The buzz is all about what sort of government Italy will have after the elections and the very unsecret consensus is that it will be Monti again – either as prime minister or heading another ministry or as a deus ex macchina leading the government’s policies.
For the rest, as is often the case in Italy, there is uncertainty.
The Americans know exactly when they will vote for their next leader and for the last few months, they have known the choice of individuals. The two men’s policies are less clear but over the next month we should have a better idea.
Here in Italy, we’re pretty sure about the policies but we do not know what sort of choice of leaders the Italians will have, nor which parties and their alliances, nor what sort of electoral system they will be using. We are not even sure when they vote – it will most likely be April but it could just be March or May and it might just be in November.
A second Monti government is top of the business community’s wish list along with the centrist UDC. At the annual meeting of economic leaders at Cernobbio, a straw poll was taken and 80% of those questioned declared themselves in favour of what is called in Italian, a Monti-bis. (“bis!” is the cry for “Encore!” in a theatre of concert hall as well as being “twice” in Latin.)
The man himself has said explicitly, once again, that his job (as prime minister) ends with the elections. Others across the spectrum have reiterated the need for an elected government.
There is, of course, another job up for grabs next year: the presidency. Until two months ago, it was clear that Napolitano had greatly enhanced not only the prestige of the presidency but also its power. Constitutionally, the Italian presidency is mainly symbolic, but its powers and influence expand as that of other institutions wane. The new president might have expected to step into a more than ceremonial role. But because of Napolitano’s clumsy effort to protect himself and the presidency from judicial investigation, his and the presidency’s reputations are under discussion.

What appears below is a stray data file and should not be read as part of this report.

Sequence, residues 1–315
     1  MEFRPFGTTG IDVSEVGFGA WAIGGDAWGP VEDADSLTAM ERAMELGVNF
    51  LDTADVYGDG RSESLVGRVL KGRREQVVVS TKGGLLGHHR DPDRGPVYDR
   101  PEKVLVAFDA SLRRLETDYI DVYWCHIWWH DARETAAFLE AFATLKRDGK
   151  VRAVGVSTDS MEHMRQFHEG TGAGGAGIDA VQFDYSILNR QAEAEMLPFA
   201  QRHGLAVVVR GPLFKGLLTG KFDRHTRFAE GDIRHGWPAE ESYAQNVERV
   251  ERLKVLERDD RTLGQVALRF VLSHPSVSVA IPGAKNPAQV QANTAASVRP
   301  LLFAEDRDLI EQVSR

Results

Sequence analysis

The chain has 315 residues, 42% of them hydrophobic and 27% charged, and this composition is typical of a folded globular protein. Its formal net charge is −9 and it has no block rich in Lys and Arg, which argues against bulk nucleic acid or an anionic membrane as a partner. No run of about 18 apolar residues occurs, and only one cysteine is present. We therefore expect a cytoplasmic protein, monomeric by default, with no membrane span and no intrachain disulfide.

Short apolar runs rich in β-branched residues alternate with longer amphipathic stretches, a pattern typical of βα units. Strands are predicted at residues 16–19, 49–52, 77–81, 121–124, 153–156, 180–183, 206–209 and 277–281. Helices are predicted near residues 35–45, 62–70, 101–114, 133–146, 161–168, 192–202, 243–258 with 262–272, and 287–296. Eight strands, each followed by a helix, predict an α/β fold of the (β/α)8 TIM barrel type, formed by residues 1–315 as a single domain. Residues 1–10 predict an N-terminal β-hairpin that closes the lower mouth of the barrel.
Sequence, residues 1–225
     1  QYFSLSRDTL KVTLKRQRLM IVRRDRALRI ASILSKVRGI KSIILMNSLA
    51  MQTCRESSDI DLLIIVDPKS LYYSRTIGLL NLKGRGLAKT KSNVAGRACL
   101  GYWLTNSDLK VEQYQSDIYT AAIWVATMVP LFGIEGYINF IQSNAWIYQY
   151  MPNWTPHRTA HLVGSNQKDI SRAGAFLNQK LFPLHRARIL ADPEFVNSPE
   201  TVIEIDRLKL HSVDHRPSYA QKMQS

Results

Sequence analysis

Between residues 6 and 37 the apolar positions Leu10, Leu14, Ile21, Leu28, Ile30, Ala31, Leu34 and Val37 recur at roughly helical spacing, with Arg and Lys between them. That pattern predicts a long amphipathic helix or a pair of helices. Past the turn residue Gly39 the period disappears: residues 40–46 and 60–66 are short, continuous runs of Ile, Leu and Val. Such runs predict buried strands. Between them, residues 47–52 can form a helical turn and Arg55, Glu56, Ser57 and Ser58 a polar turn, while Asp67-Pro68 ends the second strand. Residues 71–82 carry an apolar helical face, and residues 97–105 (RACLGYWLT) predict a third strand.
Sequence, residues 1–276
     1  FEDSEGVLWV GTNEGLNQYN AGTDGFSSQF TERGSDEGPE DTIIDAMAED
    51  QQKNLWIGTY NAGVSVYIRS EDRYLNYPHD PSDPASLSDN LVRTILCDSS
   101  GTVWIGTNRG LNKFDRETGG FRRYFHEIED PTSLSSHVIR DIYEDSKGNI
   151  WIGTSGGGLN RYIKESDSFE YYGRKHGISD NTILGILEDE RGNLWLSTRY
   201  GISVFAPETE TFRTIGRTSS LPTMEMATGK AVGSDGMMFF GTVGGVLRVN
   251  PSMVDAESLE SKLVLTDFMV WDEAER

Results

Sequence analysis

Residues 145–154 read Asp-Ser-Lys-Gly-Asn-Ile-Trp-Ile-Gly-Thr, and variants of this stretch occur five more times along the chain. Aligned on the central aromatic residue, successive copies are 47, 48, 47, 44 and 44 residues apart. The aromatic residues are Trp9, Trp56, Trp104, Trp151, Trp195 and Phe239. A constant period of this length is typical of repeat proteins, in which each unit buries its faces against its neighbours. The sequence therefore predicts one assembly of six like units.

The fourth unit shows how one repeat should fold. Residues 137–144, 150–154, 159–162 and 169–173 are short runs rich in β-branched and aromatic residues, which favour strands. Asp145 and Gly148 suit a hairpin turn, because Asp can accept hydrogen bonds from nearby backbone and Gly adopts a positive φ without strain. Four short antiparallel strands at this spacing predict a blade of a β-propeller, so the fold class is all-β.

As for candidates, right from his nomination as prime minister last November there has been speculation that Monti might take over from Napolitano in the Quirinale. This is still a possibility but former Italian prime minister, European Commission president and leader of the Italian centre-left, Romano Prodi has also been put forward as a possibility though he has denied interest. No doubt Silvio Berlusconi still dreams of finishing his career on “Rome’s highest hill” as the Quirinale is often called in a political rather than altimetric epithet, but that is not on the cards.
If presidential hopefuls are keeping their powder dry, the real politicals are even more careful about their own ambitions, at least until we know what the electoral system will be.
As we move closer to elections and towards a Monti-bis with or without Monti, the space in the political centre is becoming more and more crowded with undeclared wannabes. Corrado Passera went to the centrist UDC’s summer gathering, expressed his sympathy and redeclared his technocratic neutrality. Another media-positive figure, Emma Marcegaglia, has said she is a definite undeclared for politics. She was the first woman to lead Confindustria, the employers’ association and was popular and successful. Another definite maybe is Montezemolo but he has been hovering on the edges of politics for years now so even in the country of uncertainty, he is perceived as too indecisive. The prospect of some new, centrist, post-Christian Democrat (DC) party appears and disappears like a ghost at the party: la cosa bianca, the “white thing”, an as yet undefined successor to the old DC’s epithet of “white whale”.